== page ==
Summer 2018 was full of surprise releases, a standalone popstar, viral dance challenges and fantastic comebacks. In no particular order, this roundup highlights some of this summer’s best music. Honorable mentions include Ariana Grande’s “Sweetener”, Drake’s “Scorpion”, Travis Scott’s “ASTROWORLD” and, of course, the soundtrack for “Mamma Mia! Here We Go Again.”
Florence + The Machine: “High as Hope”
After the personal darkness of “How Big, How Blue, How Beautiful” (2015), the band is back with the wonderful, witchy and wild “High as Hope.” It’s lead singer Florence Welch at her best: combining vulnerability, past experiences and vivid imagery into a beautiful work of art. Highlights include the hopeful “South London Forever” and the rambunctious “Hunger.” On songs like “Sky Full of Song,” “Patricia” and “100 Years,” Welch’s vocals take center stage, telling stories in colorful detail – a trademark of the band’s artistry. “High as Hope” is another solid entry in the band’s discography, as expansive as it is introspective. Try listening to it in a field of flowers; that’s where it works best.
Nicki Minaj: “Queen”
There was a lot riding on “Queen“, especially after the album’s messy rollout (two delays, a sampling issue and a scathing opinion piece). Thankfully, it’s well worth the wait. From the tropical “Ganja Burn” to the hilarious diss track “Barbie Dreams” and the bravado of “LLC” and “Good Form,” the album is a lap of the rapper’s greatest hits, highlighting everything she excels at. However, the album’s 66-minute running time drags with many filler tracks (especially Future duet “Sir” and the snooze “Miami”). Even so, Queen is still a slam dunk and a reminder that Minaj is still wearing her crown.
Gorillaz: “The Now Now”
After their dark and apocalyptic “Humanz” (2017), the digital band is back with an album perfect for summer. Written and recorded by co-creator Damon Albarn earlier this year, “The Now Now” is a welcomed addition to the band’s discography, full of bright alternative beats and more focused than its predecessors. Highlights include the beach vibe “Humility” (feat. George Benson,) spacey “Lake Zurich” and folk “Souk Eye.” Whereas “Humanz” was crippled by its long list of featured artists, “The Now Now” brings the focus back to the Gorillaz themselves. Sure, “The Now Now” isn’t their best work – that title still belongs to “Plastic Beach” (2010). Nonetheless, it’s concise, interesting and made for summer listening.
Beyoncé & Jay Z: “EVERYTHING IS LOVE”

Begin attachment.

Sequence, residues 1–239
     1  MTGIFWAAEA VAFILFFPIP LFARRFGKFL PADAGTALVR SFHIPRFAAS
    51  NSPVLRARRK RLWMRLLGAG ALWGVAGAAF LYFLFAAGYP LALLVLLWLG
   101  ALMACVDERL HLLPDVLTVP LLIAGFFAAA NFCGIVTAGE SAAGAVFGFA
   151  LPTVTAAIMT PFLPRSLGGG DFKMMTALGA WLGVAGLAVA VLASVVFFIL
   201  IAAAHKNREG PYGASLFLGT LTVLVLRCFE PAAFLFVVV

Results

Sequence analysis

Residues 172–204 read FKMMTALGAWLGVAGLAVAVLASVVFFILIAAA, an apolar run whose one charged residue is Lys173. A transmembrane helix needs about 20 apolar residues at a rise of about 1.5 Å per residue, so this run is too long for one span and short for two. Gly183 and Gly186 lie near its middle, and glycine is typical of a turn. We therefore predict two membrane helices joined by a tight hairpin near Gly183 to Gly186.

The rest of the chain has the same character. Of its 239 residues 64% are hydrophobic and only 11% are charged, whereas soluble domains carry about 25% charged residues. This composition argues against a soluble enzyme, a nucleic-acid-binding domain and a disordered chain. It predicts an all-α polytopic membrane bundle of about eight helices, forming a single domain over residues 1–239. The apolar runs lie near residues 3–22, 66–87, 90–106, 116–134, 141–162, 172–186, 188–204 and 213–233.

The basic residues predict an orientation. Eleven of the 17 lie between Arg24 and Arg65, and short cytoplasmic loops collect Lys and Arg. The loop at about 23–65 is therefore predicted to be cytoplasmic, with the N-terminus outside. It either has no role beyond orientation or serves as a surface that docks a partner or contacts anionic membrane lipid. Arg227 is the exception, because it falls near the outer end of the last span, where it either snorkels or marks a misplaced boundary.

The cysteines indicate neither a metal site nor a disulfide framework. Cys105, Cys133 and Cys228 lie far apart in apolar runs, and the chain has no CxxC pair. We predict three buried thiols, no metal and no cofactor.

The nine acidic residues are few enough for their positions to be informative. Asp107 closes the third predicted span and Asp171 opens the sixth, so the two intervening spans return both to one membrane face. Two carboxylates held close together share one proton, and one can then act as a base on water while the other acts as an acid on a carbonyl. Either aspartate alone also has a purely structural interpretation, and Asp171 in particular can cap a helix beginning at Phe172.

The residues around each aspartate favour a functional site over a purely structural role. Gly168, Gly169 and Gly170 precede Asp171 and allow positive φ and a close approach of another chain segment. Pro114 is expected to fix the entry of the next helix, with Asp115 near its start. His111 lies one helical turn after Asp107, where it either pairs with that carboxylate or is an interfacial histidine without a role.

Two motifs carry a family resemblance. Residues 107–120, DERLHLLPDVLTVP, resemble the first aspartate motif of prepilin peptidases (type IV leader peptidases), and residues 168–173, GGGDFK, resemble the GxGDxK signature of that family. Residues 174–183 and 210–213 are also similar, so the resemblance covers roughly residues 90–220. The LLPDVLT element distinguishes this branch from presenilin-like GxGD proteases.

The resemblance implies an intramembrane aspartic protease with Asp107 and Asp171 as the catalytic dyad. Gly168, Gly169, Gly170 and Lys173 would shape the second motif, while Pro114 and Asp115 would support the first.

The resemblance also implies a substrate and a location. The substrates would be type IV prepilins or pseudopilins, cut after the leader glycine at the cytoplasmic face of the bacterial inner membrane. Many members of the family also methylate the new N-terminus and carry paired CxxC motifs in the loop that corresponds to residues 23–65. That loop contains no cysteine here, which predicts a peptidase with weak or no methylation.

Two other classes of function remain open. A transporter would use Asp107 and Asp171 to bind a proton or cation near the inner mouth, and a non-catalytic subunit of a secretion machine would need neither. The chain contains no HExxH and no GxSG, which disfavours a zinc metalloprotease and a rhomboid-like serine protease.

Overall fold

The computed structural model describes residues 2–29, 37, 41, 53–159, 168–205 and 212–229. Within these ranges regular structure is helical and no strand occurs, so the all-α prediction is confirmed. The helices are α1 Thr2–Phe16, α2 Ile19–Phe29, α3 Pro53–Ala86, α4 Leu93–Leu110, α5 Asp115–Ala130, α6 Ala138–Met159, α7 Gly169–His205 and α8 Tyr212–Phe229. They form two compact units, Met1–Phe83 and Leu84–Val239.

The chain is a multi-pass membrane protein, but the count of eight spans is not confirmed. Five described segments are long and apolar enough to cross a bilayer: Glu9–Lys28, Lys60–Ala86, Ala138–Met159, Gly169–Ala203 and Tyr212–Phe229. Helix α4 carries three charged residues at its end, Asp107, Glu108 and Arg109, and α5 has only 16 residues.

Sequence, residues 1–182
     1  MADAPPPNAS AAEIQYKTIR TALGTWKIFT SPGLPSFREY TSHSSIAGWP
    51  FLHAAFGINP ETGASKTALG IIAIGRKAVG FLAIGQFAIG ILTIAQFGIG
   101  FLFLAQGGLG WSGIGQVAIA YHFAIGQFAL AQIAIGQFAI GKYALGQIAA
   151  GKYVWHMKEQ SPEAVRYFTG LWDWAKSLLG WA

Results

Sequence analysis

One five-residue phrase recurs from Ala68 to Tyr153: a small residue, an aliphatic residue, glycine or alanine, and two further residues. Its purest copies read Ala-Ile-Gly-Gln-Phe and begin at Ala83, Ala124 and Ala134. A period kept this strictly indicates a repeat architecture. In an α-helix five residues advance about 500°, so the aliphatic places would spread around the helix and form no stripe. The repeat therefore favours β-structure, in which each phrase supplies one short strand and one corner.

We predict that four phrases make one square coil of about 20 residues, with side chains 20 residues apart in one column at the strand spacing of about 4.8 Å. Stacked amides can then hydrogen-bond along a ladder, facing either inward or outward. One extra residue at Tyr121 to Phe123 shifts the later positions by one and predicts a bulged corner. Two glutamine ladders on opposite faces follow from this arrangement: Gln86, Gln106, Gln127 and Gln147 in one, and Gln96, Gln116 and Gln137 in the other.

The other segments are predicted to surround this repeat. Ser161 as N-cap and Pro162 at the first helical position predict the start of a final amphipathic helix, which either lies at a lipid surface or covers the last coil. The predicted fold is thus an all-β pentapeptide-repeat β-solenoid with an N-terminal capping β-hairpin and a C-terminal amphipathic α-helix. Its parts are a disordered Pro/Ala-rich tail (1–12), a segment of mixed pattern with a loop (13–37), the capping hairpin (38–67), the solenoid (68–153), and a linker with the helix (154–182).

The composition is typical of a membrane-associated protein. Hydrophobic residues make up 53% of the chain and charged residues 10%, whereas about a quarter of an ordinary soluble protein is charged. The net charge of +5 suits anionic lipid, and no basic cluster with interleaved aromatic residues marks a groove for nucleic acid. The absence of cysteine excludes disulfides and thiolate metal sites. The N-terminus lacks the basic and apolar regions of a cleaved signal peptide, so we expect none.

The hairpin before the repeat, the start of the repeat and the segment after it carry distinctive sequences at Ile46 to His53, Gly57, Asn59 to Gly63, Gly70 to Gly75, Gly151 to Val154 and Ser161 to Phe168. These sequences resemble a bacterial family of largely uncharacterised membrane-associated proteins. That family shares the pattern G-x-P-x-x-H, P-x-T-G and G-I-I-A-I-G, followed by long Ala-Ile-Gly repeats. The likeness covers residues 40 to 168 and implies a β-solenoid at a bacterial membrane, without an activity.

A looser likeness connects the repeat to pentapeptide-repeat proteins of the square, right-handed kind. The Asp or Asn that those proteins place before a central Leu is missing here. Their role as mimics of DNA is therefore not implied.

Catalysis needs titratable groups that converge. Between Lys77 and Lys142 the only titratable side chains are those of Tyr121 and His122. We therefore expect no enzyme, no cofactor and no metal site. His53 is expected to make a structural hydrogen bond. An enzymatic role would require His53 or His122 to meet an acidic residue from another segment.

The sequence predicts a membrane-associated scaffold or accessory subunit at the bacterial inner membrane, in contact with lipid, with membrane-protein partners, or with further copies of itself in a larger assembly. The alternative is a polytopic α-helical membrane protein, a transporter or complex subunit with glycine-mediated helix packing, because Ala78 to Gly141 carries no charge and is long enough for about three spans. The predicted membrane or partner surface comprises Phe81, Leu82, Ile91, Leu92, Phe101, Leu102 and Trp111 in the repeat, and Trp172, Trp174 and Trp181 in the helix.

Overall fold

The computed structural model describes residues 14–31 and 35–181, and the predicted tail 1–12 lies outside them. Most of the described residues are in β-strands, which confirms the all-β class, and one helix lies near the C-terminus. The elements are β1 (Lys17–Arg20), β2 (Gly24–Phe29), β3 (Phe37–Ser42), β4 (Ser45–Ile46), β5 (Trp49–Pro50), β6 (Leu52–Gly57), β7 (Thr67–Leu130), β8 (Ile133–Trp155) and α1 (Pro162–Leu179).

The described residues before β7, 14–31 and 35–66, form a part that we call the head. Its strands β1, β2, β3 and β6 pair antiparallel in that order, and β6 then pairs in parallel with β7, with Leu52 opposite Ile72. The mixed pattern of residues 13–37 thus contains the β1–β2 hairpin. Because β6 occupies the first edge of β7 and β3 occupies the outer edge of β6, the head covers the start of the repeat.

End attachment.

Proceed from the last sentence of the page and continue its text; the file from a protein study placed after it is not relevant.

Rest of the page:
The surprise release marks an end to the trilogy Beyoncé’s “Lemonade” (2016) began and Jay Z’s “4:44” (2017) continued: a personal trilogy revolving around marriage, cheating, love and forgiveness. “EVERYTHING IS LOVE” is a powerful ending, including the exciting trap of “APESHIT,” the easy-listening vibes of “HEARD ABOUT US,” and the hilarious conversation of “LOVEHAPPY.” No, the album isn’t as diverse or impressive as “Lemonade” – but what is? Beyoncé dominates “EVERYTHING IS LOVE”, making it feel like a Beyoncé-featuring-Jay-Z release rather than a duel effort. Regardless, it’s a strong entry in both of their discographies and a satisfying ending to a very public marital dispute.
Charli XCX: “5 in the Morning”/”Focus”/”No Angel”/”Girls Night Out”
After her perfect mixtapes “Number 1 Angel” (2017) and “Pop 2” (2017), Charli XCX is back as one of the leaders of forward-thinking pop. Over the summer, the artist served some of the best bops of the year, beginning with the infectious “5 in the Morning.” Her latest release is the absolute banger “Girls Night Out,” which has had unofficial versions and leaked releases over the past year. The releases are Charli XCX at her best, featuring earworm sounds like the bouncy beat of “No Angel” and the monotone flow of “Focus.” The four singles add up to a solid reminder that Charli XCX’s creations never disappoint.
Mac Miller: “Swimming”
“Swimming” introduces a more mature, open and honest Miller. On the album, Miller maps many themes, including vulnerability, self-reliance, fame and his recent breakup with Ariana Grande. There’s exploration of different genres, from the slow vibes of “Hurt Feelings” and the spacey jazz of “Ladders” to the disco of “What’s the Use?” True, the album is far from focused, but that doesn’t mean “Swimming” isn’t strong. Rather, the lack of focus is what makes this album worth a listen. Miller takes listeners on a tour of his headspace. No, it’s not the most organized, but it’s honest and real.